l Although there are various other domains in the geopolitical field but from a military angle the above appear to be adequate for the near future. One re-emphasis may be necessary. We cannot be seen to be a defensive nation, benign in outlook. These are days of robust security outlook. Demonstrating our will to secure ourselves is important and therefore it is equally important to understand and ascertain how this must be done. There is obviously a very urgent need to ensure thenintegration of diplomacy, military power and technology along with the right political messaging from time to time.
l Threats of Islamic radicalism and violent extremism and what needs to be done about them is an area of national security which will
necessarily have to draw much focus through 2017. As already mentioned a churning within Islam is sending ripples far and wide. The current manifestations of the turbulence in West Asia is having it effect mostly within West Asia itself and very largely in Europe. Although unlikely to be vanquished, yet there is scope that ISIS (Daesh) will be sufficiently weakened through 2017-18. The next nesting ground bears importance for our security. If it happens in the vicinity of South Asia, in Afghanistan and Central Asia then the ripple effect towards India could be stronger. That happened after 1989 as the resistance against the former Soviet Union was deconstructed; transnational mujahideen turned towards J&K. However, this is currently unlikely. What we need to be wary of is the ideological influence which in today’s world can reach a target population rapidly and en masse. In various parts of India, Kerala to Maharashtra to Uttar Pradesh and J&K there are segments of population which are vulnerable. It is always possible to protect this population through prophylactic social media campaigns which must never be ham handed but professional. The problem is who is to undertake this; surely not the intelligence agencies and not the I&B Ministry either. The overall responsibility must rest in a constitutional body formed for the purpose of identifying vulnerable populations and undertaking communication with them through social, print and electronic media. This is a huge challenge to which we as a nation have to respond.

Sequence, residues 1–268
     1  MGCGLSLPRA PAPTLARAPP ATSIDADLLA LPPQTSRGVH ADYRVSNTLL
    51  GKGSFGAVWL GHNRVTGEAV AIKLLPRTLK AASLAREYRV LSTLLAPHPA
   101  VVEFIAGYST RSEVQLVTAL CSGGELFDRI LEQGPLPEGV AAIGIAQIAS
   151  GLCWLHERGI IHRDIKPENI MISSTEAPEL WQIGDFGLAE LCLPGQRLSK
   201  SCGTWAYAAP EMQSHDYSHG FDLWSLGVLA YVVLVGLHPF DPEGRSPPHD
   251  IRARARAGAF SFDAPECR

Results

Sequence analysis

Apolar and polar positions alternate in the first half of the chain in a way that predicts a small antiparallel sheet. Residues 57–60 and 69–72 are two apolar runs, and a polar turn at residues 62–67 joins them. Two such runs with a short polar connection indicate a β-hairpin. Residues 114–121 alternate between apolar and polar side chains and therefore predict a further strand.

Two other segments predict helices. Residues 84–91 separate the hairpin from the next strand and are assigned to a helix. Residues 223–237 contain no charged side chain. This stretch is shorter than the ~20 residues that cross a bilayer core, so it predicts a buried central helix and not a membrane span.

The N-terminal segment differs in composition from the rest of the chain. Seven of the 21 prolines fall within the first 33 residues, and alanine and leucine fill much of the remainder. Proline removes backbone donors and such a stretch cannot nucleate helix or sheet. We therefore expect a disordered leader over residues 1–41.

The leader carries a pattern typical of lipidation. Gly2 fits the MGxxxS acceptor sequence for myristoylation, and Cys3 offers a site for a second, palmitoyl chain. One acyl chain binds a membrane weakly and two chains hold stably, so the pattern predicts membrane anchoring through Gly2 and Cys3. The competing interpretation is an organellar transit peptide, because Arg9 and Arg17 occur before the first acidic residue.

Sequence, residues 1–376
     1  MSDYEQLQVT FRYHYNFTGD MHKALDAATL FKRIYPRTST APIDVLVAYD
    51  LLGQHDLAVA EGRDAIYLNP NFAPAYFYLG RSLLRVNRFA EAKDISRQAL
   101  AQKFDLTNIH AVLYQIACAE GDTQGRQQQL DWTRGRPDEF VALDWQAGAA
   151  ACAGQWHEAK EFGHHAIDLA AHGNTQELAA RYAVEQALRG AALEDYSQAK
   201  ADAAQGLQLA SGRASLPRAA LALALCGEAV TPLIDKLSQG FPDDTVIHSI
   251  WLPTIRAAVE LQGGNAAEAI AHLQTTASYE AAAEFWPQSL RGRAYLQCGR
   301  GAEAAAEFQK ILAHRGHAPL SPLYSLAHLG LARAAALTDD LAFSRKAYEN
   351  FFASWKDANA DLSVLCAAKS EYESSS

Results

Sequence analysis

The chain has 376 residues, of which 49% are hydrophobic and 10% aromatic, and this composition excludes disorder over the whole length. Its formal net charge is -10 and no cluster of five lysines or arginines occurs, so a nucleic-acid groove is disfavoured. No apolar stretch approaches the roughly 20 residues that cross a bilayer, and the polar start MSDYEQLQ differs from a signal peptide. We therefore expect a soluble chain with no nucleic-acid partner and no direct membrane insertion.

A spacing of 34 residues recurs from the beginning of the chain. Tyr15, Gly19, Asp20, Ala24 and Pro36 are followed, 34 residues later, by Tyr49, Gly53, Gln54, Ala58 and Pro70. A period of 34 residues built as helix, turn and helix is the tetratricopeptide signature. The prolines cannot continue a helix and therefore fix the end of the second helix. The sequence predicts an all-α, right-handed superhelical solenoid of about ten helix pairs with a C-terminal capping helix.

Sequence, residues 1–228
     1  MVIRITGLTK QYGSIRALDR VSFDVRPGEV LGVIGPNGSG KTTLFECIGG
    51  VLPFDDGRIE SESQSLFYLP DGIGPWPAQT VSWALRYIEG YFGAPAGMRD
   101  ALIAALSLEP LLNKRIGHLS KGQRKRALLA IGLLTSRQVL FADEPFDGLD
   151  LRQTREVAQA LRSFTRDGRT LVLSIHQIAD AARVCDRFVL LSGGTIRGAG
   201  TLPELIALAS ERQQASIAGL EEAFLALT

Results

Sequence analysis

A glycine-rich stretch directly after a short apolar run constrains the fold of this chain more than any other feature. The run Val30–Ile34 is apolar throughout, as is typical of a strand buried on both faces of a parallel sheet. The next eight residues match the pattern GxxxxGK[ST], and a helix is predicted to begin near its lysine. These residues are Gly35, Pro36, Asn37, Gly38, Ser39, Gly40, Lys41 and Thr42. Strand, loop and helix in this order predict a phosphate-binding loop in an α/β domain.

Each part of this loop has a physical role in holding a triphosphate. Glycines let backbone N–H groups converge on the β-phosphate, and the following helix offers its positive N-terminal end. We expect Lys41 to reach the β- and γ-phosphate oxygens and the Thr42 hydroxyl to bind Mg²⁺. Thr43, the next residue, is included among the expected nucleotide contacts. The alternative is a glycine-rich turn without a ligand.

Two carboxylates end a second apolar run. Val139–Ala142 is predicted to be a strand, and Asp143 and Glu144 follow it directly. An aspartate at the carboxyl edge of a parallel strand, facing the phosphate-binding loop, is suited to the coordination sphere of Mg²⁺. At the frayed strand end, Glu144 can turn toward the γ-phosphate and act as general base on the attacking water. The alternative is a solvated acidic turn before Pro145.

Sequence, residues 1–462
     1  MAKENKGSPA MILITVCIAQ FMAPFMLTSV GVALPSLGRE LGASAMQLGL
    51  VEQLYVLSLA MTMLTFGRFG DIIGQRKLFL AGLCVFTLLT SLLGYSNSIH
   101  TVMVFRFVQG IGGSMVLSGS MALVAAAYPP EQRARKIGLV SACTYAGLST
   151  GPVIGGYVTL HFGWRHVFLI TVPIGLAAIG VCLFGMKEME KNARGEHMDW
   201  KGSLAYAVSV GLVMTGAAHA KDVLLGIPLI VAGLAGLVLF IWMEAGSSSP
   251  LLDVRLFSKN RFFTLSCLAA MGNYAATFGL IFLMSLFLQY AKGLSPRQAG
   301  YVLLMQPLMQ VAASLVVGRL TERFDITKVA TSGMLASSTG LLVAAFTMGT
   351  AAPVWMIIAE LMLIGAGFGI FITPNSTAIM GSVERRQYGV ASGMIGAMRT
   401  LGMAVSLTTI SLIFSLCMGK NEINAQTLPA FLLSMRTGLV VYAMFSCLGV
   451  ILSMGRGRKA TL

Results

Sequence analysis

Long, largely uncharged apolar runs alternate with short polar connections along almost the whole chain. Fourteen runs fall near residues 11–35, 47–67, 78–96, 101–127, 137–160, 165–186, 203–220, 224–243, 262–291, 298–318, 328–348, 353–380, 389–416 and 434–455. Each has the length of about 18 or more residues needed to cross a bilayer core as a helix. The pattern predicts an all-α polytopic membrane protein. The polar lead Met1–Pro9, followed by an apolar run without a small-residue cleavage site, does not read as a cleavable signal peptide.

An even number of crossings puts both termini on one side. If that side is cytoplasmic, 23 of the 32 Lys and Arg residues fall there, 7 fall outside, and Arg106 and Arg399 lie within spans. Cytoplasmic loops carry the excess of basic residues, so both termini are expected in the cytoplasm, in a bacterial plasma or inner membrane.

The second threat from radical global and regional Islamic terror organisations is kinetic. The threat will remain through 2017 and beyond but may get slightly dissipated with J&K bearing the major brunt, followed by North Punjab. The possibility of
targeting UP and Central India which have been dormant for some time will remain live and intelligence agencies will need to remain focused on these. West Bengal with its political tensions brewing is also a potential area. There is no shortcut to countering the terror threat through better intelligence and response mechanism. However, the
pre-emptive arrests of Muslim youth, and especially immediately in the wake of terror activities, militate against the concept of fair play; authorities are inevitably in dilemma over this. It is best to carry such arrests with full
transparency and cooperation of communities especially elders and parents. The volatile effect on youth acts as a trigger which inimical elements exploit for recruitment. This spiral of activity is the inevitable cause of more dissent and needs sensitive handling without compromising on the issues of security.
The focal center for terror activity will remain Pakistan which allows its territory to be exploited for this purpose to further its long term plans against India. If Afghanistan gets less turbulent than what it was in 2016 and if the
internal security situation is under
control, India must brace for a round of violence after May 2017, both in J&K and elsewhere. That is why it is
necessary to exploit the window the winter offers with the effects of demonetisation still in place. Networks will in due course attempt to find their way around the firewalls everywhere.
(The writer is a former GOC of the Srinagar-based 15 Corps. Now a senior analyst at Vivekanand International Foundation and Institute of Peace & Conflict Studies)